work underway on a water-discharge structure we designed for poor soil conditions
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Valley Creek stream stabilization

Valley Creek stream stabilization

stabilized channel restores flow of trout stream

A degraded, 2,200-foot channel reach on Valley Creek was badly incised in the sandy soils. Although a landowner had cleared much of the buckthorn, the remaining vegetation quality was poor. The watershed district brought in Barr for evaluation and design services.

We performed a feasibility study to identify stabilization stream options, which were review by the watershed district and the Minnesota Department of Natural Resources. The selected option included a combination of boulder riffles to raise the channel bottom and excavation of floodplain terraces to reconnect the stream to the floodplain.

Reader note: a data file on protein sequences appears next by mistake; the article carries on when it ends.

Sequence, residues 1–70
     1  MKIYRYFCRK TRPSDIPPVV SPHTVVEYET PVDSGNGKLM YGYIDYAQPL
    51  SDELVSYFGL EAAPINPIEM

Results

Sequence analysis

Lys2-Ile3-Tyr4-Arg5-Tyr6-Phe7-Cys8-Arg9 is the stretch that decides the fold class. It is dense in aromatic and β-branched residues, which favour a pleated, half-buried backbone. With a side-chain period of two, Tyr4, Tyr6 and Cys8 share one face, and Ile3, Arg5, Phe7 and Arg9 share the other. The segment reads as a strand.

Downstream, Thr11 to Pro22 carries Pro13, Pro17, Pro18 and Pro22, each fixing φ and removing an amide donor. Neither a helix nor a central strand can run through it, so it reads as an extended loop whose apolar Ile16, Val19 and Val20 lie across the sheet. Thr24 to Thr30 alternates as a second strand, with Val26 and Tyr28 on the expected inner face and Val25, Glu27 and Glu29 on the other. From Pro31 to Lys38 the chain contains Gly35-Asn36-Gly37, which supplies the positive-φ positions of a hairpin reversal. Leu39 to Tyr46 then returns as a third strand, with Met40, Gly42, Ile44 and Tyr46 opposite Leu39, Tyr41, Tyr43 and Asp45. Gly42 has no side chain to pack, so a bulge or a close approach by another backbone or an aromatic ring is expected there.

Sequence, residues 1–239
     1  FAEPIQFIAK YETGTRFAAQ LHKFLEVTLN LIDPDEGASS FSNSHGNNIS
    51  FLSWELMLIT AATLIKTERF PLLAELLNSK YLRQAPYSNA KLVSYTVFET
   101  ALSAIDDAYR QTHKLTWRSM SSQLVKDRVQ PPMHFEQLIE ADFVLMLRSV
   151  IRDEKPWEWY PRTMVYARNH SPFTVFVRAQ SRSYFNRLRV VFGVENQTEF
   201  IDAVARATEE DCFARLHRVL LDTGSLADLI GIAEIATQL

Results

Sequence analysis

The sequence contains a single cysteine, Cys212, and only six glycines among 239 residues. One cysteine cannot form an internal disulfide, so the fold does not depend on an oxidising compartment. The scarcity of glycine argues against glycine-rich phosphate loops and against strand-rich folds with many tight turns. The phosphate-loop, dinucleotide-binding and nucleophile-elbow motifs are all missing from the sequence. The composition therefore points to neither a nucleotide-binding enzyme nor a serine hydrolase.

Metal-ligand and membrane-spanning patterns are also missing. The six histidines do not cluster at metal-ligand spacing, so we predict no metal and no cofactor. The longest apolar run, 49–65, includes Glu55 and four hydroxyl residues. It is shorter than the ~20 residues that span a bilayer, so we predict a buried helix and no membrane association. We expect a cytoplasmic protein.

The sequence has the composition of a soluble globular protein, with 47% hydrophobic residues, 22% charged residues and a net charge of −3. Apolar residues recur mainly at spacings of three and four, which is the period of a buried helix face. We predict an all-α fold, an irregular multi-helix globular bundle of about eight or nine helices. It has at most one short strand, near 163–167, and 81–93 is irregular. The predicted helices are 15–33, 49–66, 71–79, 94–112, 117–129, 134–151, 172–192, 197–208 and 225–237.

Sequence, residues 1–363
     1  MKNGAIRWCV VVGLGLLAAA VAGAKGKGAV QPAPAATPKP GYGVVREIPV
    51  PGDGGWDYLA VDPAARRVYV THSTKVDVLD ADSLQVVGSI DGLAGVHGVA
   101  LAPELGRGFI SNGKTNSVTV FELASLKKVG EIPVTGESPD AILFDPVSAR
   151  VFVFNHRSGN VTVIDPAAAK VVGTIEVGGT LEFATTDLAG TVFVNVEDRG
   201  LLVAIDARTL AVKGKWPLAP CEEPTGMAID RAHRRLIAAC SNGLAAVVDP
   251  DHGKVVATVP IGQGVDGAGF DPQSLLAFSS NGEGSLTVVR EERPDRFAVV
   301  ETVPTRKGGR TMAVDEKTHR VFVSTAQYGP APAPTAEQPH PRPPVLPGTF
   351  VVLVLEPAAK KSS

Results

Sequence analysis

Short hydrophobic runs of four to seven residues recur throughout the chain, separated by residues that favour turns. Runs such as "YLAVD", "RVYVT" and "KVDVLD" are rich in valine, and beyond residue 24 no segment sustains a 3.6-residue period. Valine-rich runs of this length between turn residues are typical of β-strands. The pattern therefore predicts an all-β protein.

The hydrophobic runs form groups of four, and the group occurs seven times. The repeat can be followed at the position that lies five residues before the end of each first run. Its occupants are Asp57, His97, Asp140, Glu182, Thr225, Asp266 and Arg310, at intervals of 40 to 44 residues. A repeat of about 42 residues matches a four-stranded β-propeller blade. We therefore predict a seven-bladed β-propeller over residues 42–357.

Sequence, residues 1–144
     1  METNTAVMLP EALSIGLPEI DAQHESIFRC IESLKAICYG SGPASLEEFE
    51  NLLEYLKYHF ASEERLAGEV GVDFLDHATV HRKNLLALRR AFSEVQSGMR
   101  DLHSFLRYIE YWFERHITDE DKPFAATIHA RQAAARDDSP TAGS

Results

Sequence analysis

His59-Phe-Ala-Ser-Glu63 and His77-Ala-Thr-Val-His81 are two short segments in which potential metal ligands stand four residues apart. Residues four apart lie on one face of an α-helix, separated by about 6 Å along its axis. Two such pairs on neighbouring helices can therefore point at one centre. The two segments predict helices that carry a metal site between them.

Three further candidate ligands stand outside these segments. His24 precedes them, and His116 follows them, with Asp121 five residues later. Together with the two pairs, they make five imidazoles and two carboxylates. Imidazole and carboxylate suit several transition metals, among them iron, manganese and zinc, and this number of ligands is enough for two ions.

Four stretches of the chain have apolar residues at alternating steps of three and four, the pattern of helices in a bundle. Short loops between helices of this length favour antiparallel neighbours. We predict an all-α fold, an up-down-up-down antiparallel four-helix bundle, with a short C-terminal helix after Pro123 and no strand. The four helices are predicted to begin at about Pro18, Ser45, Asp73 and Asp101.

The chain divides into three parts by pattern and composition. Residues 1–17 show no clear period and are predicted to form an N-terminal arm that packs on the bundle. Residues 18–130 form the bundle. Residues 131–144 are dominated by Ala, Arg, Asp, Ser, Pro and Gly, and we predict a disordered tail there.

We used hydraulic modeling to size materials properly and designed eight boulder riffles, which improve passage for trout in the stream and dissipate the energy of flowing water to reduce downstream erosion. Approximately 4,500 cubic yards of material was excavated from the overbanks to create floodplain terraces inside of the meander bends. The design called for the installation of 45 root wads to stabilize eroding banks, and placement of 6,000 feet of biolog along the bank toes, with an erosion-control blanket protecting the upper stream banks. The banks and floodplain terraces were then seeded with native grasses.